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DevLiquidKnight

Preloading DirectX Textures?

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I was wondering how exactly do you preload the textures I noticed there is a preload() function for the directx texture's but im not sure how it works? Does anyone know how to implement a simple preloading for textures and mesh objects? I looked in the SDK and I couldn't find any examples of it. I'd like to beable to figure it out mainly because it seems as if it takes forever for my game to start [edited by - DevLiquidKnight on March 4, 2004 2:38:33 PM]

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It is nothing to do with pre-loading the texture from a file, it is preloading the texture into video memory (or AGP memory). You may call it when you want to tell the driver that you are about to use the texture. To speed up your game starting perhaps you could consider using compressed textures e.g. dds files

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AAAHHH!!!! So you''ve read my thread? Then HELP ME!!!!

But in an attempt to actually help someone else out...

My current program is set up with two threads. One is the "scheduler/resource manager" and the other is the "renderer".

The scheduler analyzes what things are going to be needed in the near future. In my case, it is slide show pages, text, logos, etc. In your case it may be models and textures in a 3D world. My stuff has a schedule file that I use to figure out when a certain page or logo is going to be needed. You might use such things as current player''s distance from an object. When an object is within range, I create an instance of a c_Renderable class, and load the resources associated with it.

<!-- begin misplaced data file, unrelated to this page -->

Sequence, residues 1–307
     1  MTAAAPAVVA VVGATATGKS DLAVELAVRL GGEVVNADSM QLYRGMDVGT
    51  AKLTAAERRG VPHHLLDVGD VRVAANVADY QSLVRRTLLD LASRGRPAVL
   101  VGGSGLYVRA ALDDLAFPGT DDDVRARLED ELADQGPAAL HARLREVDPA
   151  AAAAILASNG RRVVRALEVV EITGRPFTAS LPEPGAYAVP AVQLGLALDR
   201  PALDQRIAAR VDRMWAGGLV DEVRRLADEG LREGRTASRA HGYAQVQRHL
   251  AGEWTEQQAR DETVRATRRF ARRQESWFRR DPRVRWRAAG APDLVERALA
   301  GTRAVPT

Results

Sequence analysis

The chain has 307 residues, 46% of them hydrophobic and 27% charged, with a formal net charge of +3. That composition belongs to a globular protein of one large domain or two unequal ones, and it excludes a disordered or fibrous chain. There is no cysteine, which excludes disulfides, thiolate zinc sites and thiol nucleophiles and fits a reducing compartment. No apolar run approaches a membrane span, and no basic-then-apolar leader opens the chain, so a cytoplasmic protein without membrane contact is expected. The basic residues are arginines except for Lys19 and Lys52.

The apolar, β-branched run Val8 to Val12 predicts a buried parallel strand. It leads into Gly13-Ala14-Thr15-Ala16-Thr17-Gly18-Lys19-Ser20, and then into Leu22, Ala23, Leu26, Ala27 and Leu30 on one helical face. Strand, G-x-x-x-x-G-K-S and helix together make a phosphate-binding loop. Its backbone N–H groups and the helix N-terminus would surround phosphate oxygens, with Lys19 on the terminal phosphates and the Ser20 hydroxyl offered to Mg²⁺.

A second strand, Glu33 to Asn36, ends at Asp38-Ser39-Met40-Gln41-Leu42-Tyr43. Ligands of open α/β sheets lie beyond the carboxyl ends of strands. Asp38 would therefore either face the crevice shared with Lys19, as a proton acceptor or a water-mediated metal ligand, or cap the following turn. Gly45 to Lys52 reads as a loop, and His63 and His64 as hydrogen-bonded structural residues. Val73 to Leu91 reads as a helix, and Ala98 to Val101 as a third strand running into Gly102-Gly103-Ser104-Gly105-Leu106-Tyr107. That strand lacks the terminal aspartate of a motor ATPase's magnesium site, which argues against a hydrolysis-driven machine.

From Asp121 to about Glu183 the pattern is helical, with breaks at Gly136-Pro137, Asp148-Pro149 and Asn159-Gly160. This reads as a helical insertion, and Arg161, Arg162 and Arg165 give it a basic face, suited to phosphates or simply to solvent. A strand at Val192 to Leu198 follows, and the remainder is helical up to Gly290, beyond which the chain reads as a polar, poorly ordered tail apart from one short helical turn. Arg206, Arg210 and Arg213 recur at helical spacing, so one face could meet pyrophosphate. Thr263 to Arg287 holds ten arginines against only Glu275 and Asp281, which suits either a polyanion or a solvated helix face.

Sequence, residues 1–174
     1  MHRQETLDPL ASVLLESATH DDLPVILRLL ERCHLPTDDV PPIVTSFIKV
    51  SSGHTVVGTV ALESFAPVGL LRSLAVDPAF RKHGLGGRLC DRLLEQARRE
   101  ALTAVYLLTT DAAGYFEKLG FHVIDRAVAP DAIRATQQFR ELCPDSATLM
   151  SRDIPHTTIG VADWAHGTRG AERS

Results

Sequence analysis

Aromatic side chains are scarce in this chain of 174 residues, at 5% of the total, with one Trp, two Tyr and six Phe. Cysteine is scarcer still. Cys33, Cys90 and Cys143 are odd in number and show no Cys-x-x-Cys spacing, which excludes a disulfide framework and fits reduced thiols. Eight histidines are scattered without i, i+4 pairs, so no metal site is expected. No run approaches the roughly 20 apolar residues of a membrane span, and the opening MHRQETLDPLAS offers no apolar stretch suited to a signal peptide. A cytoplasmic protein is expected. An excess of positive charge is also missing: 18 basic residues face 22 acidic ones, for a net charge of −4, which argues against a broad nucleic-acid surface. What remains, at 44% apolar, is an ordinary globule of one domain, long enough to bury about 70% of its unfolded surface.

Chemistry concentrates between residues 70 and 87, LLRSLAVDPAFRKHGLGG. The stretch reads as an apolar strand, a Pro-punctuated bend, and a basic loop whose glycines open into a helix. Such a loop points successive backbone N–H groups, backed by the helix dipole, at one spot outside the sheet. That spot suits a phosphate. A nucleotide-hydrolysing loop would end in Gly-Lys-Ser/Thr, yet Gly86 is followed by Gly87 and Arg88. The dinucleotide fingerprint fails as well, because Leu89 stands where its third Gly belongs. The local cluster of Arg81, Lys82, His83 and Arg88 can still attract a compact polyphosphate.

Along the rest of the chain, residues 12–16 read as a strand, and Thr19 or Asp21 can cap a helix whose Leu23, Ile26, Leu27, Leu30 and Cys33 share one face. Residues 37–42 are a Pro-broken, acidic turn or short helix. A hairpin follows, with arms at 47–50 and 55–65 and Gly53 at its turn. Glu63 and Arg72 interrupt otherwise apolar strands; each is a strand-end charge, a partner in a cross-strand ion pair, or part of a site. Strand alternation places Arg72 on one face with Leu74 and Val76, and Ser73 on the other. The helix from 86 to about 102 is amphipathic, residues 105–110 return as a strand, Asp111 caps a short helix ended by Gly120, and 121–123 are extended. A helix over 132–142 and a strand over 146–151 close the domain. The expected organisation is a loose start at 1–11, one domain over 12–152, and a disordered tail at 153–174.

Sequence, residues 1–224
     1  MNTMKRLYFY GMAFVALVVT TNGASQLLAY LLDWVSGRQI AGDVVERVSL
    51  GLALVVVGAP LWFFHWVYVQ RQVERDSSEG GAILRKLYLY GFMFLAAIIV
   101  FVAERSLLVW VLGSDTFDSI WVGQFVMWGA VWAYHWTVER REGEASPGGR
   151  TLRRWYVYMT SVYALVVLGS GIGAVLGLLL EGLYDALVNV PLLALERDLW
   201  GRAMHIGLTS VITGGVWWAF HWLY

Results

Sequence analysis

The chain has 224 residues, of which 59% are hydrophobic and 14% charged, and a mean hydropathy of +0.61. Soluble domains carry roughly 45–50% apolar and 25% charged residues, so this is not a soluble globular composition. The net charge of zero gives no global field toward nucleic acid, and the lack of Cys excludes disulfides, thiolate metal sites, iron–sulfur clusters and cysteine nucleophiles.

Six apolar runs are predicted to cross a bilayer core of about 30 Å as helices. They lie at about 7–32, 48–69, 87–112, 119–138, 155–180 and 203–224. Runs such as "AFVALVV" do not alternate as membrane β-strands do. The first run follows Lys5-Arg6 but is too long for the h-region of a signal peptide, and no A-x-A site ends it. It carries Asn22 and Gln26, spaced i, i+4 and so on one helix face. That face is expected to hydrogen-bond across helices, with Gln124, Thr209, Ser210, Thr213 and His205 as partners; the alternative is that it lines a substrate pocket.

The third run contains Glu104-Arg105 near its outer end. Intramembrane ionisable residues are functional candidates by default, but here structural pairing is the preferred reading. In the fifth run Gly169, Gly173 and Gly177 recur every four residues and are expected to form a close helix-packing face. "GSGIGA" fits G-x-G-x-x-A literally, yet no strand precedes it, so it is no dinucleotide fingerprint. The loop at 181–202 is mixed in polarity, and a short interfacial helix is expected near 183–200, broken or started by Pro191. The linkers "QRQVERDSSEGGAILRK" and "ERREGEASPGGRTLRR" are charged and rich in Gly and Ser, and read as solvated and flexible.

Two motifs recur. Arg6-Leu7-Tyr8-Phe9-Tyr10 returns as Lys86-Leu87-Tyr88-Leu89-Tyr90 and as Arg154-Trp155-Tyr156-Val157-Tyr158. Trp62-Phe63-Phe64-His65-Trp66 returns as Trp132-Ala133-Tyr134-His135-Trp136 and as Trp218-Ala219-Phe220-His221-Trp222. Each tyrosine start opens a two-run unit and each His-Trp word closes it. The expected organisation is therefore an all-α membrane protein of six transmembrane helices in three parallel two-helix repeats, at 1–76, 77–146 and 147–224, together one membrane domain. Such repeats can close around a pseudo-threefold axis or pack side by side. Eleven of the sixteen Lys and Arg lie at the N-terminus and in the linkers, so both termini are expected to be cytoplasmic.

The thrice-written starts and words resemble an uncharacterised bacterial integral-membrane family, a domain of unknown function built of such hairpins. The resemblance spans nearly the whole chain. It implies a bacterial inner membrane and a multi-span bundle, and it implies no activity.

That was all in the scheduler thread. In the renderer thread, all I do is look through the list of all c_Renderable objects that are currently loaded, and use only the ones that are active. Some already have resources loaded, but they aren''t active yet. So taking all the active c_Renderables, I draw them, and then I repeat the whole process, in a loop.

If you did something similar, then you could imagine your game start rendering instantly, but since you have no loaded resources, you have a black screen. However, as the scheduler thread loads each resource, the renderer thread picks up on it whenever the next frame comes around, and draws every available and active object. So you could start playing the game after only the most critical nearby objects have loaded, and then continue playing as less important ones continue to get loaded in the background. And even better, as you move around, some resources fall out of range, and get unloaded, while new resources will get loaded a little bit before they actually get seen. This is probably similar to the implementation in Dungeon Siege.

Of course, my examples have sort of been assuming a typical 3D game. Tetris of course shouldn''t need such an implementation. I don''t know what sorta game(s) you''re currently working on, but maybe this explanation will help.


int main() { return *((int*)0); }

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